Root Canals Specialist
Root Canals Q & A
What is a root canal?
A root canal is a procedure used to treat teeth that have decay or damage in the deep central portion of the tooth, called the pulp. The pulp contains the blood vessels, nerves, and connective tissues that support the tooth. When these tissues become damaged or decayed, the risks of serious infection and tooth loss increase dramatically. Root canals use special techniques and tools to carefully remove the damaged pulp portion of the tooth while leaving the surrounding tooth material intact, helping patients preserve their natural teeth and avoid extractions.
How are root canals performed?
In principle, a root canal is similar to a regular cavity filling procedure: The damaged portion of the tooth is removed, and the resulting cavity is cleaned and filled. But because the damaged portion of the tooth extends into the deeper portions of the tooth’s interior, special tools and methods are used to avoid damaging the structure of the tooth. After numbing the tooth, Dr. Seetharaman removes the superficial tooth material to expose the inner portion of the tooth. The damaged pulp is carefully extracted, and the interior portion of the tooth is cleaned, taking care to remove all the debris. Dr. Seetharaman applies a special sealant to the area to prevent additional decay or damage to the tooth before applying the filling.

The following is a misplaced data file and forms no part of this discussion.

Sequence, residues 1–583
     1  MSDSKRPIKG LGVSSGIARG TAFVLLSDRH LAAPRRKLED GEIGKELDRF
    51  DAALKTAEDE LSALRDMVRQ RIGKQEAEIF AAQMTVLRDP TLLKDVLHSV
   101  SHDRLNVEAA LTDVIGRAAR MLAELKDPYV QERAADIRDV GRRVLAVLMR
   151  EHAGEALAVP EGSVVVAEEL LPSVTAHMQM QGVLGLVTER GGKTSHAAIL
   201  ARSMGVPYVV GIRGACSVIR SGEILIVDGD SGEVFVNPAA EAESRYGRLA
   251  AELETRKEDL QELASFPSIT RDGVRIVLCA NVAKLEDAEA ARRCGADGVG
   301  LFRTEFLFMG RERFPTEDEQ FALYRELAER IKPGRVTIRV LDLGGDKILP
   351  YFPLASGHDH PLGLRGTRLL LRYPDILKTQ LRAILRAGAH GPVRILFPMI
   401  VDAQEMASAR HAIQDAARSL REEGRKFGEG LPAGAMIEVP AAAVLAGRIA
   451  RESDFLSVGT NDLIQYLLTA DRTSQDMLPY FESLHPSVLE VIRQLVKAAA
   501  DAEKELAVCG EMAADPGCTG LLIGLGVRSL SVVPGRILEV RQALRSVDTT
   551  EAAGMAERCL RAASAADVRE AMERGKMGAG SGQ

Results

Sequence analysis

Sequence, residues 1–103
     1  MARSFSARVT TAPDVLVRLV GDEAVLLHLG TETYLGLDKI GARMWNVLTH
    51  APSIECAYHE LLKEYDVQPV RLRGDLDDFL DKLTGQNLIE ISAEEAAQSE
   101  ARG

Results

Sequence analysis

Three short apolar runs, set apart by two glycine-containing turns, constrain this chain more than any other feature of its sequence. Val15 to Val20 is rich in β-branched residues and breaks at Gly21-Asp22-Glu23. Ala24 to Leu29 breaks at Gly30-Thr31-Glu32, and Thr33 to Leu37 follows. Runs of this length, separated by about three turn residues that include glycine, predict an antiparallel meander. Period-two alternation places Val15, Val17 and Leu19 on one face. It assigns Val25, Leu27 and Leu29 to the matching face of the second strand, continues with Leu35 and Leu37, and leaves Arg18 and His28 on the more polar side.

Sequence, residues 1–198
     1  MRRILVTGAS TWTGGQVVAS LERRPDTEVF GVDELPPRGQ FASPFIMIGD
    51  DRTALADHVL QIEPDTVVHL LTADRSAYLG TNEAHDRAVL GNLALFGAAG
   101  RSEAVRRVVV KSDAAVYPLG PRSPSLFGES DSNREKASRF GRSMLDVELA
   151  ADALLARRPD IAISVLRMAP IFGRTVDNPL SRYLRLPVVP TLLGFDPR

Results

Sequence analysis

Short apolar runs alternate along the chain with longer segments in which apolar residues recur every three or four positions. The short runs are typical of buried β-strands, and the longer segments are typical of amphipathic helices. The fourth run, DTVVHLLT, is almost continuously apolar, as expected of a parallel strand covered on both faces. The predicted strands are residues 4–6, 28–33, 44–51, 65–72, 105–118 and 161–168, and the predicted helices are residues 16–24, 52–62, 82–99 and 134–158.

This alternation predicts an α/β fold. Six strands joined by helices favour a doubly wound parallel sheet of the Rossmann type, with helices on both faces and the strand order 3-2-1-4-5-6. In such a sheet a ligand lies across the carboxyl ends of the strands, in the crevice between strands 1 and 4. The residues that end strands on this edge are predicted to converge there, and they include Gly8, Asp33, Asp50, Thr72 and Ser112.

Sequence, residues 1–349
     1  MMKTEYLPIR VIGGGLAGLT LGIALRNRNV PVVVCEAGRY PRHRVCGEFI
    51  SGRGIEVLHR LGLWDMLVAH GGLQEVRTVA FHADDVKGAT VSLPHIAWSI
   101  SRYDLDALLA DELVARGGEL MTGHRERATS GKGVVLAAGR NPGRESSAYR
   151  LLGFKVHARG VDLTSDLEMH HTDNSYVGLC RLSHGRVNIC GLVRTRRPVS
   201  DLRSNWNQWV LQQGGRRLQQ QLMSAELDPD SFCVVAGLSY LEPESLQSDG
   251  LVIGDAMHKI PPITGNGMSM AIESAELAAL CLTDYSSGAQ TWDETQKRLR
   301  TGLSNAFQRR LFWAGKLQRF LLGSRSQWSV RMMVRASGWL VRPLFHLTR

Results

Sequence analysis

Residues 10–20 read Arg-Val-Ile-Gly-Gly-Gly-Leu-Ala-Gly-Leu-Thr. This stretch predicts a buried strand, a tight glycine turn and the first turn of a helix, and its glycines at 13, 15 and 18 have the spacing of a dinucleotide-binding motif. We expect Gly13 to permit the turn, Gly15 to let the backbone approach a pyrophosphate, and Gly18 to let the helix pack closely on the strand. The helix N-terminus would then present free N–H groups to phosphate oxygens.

Next, the tooth is prepared for a crown. Application of a crown is always recommended following a root canal to provide additional stability to the tooth and to hide any discoloration which may occur following treatment. Dr. Seetharaman removes a small amount of the tooth surface material to make room for the crown and applies a temporary crown to protect the tooth. The crown itself is made at a dental lab using strong material tinted to match the surrounding teeth. Once the crown is ready, the temporary crown is removed, and the tooth surface is cleaned. Dr. Seetharaman applies the crown using a strong adhesive.
Why are root canals better than having the tooth pulled?
A tooth extraction may sound like a simpler alternative to having a root canal performed, but once a tooth is pulled, it can trigger changes in the gums and jaw bone that can lead to additional tooth loss in the future. Plus, having a tooth pulled can disrupt the normal bite balance, resulting in increased risks for uneven tooth wear and decay, as well as chronic jaw pain and headaches.